Patrick Abercrombie was an important figure in post-war town planning in England.
He was born in 1879 in Ashton upon Mersey which was then in Cheshire (now part of Greater Manchester). He qualified as an architect and his earliest architectural experience was in Liverpool, where he began to formulate his ideas about town planning.
In the 1920s he worked on a series of urban planning studies and proposed that London should be surrounded by a “green belt” of land that would not be subject to urban spread.
He was a member of a 1937 Royal Commission on population distribution, on which he stressed the need to mitigate the hazards of industrial and urban concentration.
The Second World War, with the intense bombing of British cities, brought the problem of urban reconstruction to the fore and gave Abercrombie the perfect opportunity to put his theories into practice. Between 1941 and 1946 he prepared detailed plans for London and its immediate surrounds, the West Midlands, Hull, Plymouth, and the first “new towns”.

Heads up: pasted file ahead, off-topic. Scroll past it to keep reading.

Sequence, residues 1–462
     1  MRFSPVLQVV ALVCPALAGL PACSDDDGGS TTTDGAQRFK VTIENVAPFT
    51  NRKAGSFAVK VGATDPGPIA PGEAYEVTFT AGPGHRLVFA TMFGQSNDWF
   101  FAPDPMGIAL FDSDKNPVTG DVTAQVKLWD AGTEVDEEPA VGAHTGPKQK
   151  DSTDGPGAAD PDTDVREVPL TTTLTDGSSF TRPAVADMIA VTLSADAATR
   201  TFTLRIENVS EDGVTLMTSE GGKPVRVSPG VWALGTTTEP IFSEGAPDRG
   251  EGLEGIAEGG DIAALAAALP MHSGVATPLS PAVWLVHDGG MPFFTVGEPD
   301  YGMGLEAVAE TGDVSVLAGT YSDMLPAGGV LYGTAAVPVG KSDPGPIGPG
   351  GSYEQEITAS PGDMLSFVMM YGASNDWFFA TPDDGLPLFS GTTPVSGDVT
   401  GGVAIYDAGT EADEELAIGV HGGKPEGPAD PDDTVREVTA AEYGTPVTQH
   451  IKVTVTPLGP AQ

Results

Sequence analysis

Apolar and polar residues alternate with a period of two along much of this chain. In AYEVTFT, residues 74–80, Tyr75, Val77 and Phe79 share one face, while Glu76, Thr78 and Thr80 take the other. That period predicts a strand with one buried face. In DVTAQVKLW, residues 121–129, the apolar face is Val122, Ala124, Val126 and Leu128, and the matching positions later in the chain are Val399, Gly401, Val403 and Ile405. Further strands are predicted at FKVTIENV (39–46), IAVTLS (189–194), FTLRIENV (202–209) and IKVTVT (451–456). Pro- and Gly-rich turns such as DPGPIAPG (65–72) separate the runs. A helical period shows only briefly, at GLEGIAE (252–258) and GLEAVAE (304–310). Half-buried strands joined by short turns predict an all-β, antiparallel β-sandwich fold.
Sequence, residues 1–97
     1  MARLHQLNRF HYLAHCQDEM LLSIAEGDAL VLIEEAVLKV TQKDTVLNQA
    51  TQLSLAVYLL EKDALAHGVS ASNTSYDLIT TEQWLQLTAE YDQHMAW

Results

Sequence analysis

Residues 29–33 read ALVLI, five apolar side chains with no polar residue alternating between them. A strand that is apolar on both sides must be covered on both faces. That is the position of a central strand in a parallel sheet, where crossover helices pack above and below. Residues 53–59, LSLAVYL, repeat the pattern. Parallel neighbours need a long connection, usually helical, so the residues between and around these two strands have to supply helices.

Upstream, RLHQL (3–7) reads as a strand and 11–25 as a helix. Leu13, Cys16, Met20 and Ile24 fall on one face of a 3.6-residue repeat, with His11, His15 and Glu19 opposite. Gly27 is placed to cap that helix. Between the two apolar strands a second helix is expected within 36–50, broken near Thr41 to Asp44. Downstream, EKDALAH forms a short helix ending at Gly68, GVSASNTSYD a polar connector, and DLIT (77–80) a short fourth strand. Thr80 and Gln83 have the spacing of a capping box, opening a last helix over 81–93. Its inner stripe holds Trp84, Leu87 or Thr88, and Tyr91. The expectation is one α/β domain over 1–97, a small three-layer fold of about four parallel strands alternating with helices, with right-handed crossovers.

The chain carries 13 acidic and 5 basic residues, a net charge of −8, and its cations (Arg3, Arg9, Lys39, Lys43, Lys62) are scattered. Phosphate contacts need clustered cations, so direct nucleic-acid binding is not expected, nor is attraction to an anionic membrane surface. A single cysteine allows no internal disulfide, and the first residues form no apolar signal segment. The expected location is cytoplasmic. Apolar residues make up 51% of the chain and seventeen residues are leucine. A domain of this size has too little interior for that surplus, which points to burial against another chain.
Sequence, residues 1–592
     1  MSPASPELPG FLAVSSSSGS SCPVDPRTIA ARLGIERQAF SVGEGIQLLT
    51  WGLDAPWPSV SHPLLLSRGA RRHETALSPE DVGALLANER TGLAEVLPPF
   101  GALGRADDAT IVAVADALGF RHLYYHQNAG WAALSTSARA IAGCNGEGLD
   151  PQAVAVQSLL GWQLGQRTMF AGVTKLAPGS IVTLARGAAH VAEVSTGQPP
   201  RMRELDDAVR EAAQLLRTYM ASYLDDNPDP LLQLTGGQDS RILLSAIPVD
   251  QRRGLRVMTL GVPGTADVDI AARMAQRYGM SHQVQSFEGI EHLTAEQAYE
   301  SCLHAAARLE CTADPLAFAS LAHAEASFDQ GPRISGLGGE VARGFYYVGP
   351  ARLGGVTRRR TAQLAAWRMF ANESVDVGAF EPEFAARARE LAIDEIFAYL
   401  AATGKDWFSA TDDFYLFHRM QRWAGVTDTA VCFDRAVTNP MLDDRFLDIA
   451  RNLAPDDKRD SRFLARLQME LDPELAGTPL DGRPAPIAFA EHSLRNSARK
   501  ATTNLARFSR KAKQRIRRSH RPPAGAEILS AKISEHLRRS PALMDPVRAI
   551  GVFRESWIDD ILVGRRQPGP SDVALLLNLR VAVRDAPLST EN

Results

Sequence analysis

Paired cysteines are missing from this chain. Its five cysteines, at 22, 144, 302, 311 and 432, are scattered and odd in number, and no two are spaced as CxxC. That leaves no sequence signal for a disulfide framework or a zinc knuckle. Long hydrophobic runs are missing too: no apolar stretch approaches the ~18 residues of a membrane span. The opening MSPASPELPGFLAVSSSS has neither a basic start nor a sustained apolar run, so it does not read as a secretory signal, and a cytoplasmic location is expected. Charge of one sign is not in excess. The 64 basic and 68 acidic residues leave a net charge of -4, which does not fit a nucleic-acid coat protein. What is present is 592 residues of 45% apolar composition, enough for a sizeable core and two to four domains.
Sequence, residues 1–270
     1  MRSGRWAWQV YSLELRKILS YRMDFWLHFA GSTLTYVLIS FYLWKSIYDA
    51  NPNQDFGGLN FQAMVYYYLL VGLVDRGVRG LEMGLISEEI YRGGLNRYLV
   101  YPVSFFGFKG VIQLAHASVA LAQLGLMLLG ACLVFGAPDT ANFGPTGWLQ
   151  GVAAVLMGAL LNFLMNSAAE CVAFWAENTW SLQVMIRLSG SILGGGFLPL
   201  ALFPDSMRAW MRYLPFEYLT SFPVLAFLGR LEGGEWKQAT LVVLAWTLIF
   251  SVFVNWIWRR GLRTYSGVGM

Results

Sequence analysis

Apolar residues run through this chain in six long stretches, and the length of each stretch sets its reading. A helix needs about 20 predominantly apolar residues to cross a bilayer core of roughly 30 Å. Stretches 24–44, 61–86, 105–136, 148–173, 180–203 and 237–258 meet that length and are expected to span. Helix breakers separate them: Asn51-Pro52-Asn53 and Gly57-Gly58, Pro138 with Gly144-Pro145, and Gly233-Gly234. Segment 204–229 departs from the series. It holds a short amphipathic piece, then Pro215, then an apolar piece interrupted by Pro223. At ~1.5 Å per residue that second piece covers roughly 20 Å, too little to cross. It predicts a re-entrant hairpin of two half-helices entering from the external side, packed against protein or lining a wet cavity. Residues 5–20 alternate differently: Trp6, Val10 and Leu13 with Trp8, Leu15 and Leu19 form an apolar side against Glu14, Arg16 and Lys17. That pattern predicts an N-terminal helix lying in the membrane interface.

The best surviving example of an Abercrombie planning scheme is probably Plymouth, characterized by the presence of orbital roads and the separation of traffic from pedestrians in shopping areas.
Today’s conservationists are often critical of Abercrombie’s work because of the scale of demolition of existing buildings that his plans often involved.
Patrick Abercrombie, who was knighted in 1945, died in 1957.© John Welford